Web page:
The Big Sleep


Raymond Chandler

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Private detective Philip Marlowe arrives at the wealthy Sternwood family’s mansion. As Marlowe stands in the impressive hallway, Carmen Sternwood approaches him and begins to flirt. The straight-faced butler, Mr. Norris, soon leads Marlowe to a sweltering greenhouse, where the elderly General Sternwood sits in his wheelchair.

Sternwood talks warmly of his missing son-in-law Rusty Regan, but that’s not why he’s called on Marlowe. Sternwood is “being blackmailed again,” this time by Arthur Geiger, who claims Carmen owes him gambling money. The General decides to hire Marlowe to see what Geiger is up to, rather than just pay out. Once Marlowe is finished with the General, Mrs. Regan, the General’s older daughter, has Mr. Norris bring Marlowe to her elegant sitting room. She is under the impression her father has hired Marlowe to find her husband, Rusty; Marlowe provides no information either way, and considers Mrs. Regan “trouble.”

The detective goes to the rare bookstore noted on Geiger’s business card, which he quickly discovers is a front for pornographic books and is guarded by the attractive Agnes Lozelle. Marlowe stakes out Geiger’s store, and after Geiger appears, Marlowe tails him back to his house. There, Marlowe sees Carmen arrive and enter the house.

While staking out the house, Marlowe sees a flash of light and hears a scream from inside. Three gun shots ring out, followed by the sound of someone fleeing out of the back of the house. Marlowe breaks into the house through a window to find Carmen, naked and drunk but unharmed, and Geiger dead on the floor. Marlowe also finds a camera, but the plate holder has been stolen. Unable to rouse a now sleeping Carmen, Marlowe drives her home in her own car. After leaving Carmen in the hands of Mr. Norris and the maid Mathilda, Marlowe walks back to Geiger’s place. Geiger’s body is gone.

The following morning, the papers make no mention of Geiger, meaning the police are still unaware of the murder. Chief Investigator Bernie Ohls, who had originally put Marlowe in contact with the General, calls Marlowe to tell him one of the Sternwoods’ Buicks is being fished out of the sea near Lido pier, with a body inside. Ohls takes Marlowe to go see for himself, telling him that the dead man in the Buick is not Rusty Regan (having assumed that Marlowe is trying to find Rusty). The body is that of the Sternwoods’ young chauffeur, named Owen Taylor. It is unclear whether his death is the result of murder or suicide.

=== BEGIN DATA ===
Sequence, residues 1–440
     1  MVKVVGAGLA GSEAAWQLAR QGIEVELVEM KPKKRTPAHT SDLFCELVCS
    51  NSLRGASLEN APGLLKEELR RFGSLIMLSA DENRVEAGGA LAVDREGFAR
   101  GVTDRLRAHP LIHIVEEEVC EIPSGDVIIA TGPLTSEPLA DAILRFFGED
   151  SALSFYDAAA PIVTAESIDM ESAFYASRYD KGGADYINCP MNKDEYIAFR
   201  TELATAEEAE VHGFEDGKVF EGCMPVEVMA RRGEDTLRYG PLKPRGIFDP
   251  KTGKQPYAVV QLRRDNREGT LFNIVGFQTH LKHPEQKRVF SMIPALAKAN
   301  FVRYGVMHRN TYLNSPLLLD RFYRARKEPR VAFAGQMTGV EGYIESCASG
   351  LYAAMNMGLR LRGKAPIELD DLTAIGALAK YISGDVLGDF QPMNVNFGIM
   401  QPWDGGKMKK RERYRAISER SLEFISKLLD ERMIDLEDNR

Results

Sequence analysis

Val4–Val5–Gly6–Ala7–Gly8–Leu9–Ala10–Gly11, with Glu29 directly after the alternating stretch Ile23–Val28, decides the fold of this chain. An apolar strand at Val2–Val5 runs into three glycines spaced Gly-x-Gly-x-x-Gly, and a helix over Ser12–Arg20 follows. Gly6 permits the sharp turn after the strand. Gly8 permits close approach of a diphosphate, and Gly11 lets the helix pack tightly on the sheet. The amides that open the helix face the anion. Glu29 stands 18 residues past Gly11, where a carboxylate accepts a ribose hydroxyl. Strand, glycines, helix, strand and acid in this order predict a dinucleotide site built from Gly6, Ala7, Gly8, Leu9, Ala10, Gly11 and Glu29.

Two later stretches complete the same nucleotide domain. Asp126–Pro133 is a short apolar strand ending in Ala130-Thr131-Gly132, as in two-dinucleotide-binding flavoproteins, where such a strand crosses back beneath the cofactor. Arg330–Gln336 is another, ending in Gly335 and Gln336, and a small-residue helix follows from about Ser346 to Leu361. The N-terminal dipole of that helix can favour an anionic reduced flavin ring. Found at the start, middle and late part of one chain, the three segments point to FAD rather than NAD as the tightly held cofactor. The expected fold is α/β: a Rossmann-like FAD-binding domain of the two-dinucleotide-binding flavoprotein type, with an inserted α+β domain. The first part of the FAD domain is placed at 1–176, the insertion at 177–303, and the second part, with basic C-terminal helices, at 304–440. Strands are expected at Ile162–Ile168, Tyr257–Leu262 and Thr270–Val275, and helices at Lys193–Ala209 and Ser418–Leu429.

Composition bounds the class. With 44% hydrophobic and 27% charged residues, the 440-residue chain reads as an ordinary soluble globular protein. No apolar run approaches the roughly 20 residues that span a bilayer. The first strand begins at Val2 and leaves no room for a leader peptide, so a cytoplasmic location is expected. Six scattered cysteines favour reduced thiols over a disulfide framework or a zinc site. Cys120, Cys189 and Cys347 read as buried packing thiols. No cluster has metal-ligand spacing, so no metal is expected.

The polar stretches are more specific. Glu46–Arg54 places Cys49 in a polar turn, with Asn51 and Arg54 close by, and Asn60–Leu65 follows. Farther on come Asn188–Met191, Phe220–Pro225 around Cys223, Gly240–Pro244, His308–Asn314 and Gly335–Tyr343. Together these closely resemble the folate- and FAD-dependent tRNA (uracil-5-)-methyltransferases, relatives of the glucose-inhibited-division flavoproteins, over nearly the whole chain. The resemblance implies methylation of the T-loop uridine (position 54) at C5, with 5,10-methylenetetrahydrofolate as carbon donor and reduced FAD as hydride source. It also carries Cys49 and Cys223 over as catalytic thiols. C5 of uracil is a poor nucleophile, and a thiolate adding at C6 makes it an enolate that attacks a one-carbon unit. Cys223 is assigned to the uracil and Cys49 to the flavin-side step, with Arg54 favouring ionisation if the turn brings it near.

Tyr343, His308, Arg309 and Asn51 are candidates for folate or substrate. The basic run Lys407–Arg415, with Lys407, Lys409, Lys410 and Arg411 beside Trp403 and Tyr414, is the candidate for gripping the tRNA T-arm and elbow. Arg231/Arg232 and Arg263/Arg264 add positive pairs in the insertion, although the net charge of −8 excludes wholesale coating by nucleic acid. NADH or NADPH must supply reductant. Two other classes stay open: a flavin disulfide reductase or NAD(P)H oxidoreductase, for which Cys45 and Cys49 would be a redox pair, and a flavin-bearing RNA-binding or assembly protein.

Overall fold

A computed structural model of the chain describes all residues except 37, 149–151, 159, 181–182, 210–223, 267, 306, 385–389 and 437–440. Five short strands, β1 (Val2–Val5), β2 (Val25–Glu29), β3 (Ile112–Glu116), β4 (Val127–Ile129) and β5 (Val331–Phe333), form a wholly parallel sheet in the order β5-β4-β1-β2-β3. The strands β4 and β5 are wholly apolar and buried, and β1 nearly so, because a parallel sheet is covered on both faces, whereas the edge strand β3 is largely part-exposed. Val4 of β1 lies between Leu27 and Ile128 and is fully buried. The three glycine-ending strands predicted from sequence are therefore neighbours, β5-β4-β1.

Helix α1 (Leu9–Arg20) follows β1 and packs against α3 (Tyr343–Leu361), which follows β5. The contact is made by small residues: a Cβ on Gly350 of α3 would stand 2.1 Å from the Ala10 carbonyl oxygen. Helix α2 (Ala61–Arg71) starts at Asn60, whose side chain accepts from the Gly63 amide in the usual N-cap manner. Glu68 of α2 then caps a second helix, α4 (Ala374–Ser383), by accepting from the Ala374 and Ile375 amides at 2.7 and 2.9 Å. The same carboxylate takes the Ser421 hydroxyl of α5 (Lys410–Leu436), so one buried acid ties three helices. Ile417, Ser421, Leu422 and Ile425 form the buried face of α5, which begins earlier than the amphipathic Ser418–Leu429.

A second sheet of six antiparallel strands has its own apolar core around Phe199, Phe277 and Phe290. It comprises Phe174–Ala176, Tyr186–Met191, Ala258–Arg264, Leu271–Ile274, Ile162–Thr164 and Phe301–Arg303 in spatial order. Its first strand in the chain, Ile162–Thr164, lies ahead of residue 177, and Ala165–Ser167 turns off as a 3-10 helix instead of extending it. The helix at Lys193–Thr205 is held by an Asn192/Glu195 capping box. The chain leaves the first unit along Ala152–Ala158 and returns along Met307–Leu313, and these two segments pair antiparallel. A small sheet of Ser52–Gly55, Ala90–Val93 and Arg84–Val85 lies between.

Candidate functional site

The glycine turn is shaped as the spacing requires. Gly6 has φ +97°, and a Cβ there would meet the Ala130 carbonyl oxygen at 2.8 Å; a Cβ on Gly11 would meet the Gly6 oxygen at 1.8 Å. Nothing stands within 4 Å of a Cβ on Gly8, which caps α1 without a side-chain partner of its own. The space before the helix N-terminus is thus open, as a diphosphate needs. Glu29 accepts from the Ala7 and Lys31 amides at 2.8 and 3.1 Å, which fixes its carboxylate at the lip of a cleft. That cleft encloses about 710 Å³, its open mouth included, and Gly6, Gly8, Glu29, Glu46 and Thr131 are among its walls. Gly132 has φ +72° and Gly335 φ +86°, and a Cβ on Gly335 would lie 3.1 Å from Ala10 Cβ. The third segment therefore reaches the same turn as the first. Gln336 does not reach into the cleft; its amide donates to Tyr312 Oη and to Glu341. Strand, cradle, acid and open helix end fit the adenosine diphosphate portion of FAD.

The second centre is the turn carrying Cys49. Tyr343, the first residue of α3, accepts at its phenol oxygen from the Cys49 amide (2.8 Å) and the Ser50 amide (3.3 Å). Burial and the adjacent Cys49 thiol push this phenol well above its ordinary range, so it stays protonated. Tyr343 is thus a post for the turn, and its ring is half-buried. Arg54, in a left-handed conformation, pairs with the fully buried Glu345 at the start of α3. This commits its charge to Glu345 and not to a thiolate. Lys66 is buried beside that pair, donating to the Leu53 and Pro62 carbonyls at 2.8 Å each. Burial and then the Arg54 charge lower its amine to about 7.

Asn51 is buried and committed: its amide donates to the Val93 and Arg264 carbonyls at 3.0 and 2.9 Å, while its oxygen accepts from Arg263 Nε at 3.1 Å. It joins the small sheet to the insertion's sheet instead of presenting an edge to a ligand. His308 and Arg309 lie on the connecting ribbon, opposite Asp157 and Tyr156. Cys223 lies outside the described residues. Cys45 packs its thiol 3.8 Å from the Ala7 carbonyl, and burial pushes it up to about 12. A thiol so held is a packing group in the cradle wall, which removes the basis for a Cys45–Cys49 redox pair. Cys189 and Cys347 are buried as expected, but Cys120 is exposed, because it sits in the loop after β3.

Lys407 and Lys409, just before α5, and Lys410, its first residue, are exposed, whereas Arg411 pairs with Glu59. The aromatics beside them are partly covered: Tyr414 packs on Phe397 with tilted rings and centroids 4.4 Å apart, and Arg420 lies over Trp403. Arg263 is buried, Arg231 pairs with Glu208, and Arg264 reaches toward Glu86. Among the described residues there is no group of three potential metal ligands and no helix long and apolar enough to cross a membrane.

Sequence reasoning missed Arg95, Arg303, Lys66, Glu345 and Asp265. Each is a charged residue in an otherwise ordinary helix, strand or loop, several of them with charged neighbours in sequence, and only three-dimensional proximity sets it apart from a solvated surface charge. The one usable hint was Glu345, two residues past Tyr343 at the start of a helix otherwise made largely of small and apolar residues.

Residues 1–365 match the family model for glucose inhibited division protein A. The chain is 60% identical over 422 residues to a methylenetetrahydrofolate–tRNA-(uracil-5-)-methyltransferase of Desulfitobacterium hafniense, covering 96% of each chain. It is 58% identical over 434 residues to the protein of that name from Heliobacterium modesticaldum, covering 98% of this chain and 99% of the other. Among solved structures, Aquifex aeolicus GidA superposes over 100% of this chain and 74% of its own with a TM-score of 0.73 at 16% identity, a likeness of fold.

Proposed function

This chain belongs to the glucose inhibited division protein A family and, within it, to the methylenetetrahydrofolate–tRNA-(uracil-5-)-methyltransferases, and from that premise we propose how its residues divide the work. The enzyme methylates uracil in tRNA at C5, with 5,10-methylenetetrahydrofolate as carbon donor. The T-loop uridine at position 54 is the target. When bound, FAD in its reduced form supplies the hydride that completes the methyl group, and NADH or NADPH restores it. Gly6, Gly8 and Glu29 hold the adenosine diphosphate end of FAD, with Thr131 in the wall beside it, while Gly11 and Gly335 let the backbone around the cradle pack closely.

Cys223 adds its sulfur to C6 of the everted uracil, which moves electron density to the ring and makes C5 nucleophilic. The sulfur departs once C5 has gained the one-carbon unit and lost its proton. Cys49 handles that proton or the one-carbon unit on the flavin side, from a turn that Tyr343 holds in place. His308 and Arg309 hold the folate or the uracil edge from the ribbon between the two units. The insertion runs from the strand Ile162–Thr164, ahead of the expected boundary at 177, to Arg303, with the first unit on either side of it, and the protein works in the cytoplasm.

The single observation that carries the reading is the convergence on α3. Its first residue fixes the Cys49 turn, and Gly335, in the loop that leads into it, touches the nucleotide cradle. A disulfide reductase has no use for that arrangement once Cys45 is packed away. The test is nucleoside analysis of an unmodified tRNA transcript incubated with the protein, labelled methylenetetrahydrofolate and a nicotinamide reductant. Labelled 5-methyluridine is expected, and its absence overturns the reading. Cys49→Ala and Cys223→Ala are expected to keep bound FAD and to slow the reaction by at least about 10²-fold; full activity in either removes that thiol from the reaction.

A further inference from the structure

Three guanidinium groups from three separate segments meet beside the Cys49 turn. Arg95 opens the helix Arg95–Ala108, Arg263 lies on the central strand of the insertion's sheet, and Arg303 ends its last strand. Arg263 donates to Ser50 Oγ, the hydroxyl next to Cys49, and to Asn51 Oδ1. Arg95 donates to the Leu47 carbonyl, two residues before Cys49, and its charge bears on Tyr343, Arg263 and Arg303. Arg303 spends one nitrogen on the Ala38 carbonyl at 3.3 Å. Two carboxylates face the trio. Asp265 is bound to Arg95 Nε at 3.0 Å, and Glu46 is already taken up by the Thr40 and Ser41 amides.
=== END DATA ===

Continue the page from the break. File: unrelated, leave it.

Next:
Ohls drops Marlowe back in town, where the detective discovers that Geiger’s books are being hauled out of his store and put into a moving truck. Marlowe hires a cab to tail the truck, which arrives at an apartment; Marlowe deduces from the mailbox outside that the apartment is that of Joe Brody. Marlowe then takes the cab back to his offices, where Mrs. Regan is waiting.

Mrs. Regan tells the detective that Carmen is being blackmailed for the incriminating photos from the missing plate in Geiger’s camera. The two discuss Rusty’s disappearance as well as the death of Owen Taylor, who was in love with Carmen. After Mrs. Regan leaves, Marlowe drives back to Geiger’s house, where he finds Carmen. When Marlowe asks her about the previous night, Carmen blames Joe Brody for killing Geiger. To himself, Marlowe questions her motives. While they are talking, the gangster Eddie Mars arrives. He and Marlowe size each other up, with Mars revealing that he owns Geiger’s house and demanding Marlowe keep his name out of any reports.

Marlowe returns to Joe Brody’s apartment, where Brody pulls a gun on the unarmed Marlowe. Agnes is there as well, and Marlowe questions them about their move to steal Geiger’s racket. Brody admits to taking the books, but denies the murder. Marlowe works out that Brody has the pictures from the camera he found in Geiger’s house. Suddenly, the door bell rings. Brody answers the door to see Carmen, who instantly points a gun to his face and demands her pictures. After a confused tussle, Marlowe manages to grab both Brody and Carmen’s guns. Brody hands Marlowe the pictures, and Carmen skips off while Marlowe stays to question Brody and Agnes. Brody admits to tailing Geiger the previous night. He says he was staking out the back of Geiger’s house as the Sternwoods’ chauffeur Owen Taylor broke in and shot Geiger. Brody then tailed the fleeing Taylor, overpowered him, and took the camera plate, before Taylor drove off, presumably to the pier.

The doorbell rings again. Brody answers and is instantly shot dead by the man on the other side. Marlowe chases after the murderer and catches him: it is Carol Lundgren, a boy Marlowe recognizes from Geiger’s store. Marlowe quickly determines this is a misplaced revenge killing. Marlowe makes Lundgren drive to Geiger’s place, where he calls chief investigator Ohls to the crime scene. They find Geiger laid out on a bed in a locked room. Ohls and Marlow ethen drive Lundgren to District Attorney Taggart Wilde’s house. Ohls and Marlowe explain the situation to Wilde, and give city cop Captain Cronjager their direct assessment of his negligent police work. Cronjager leaves with Lundgren in custody.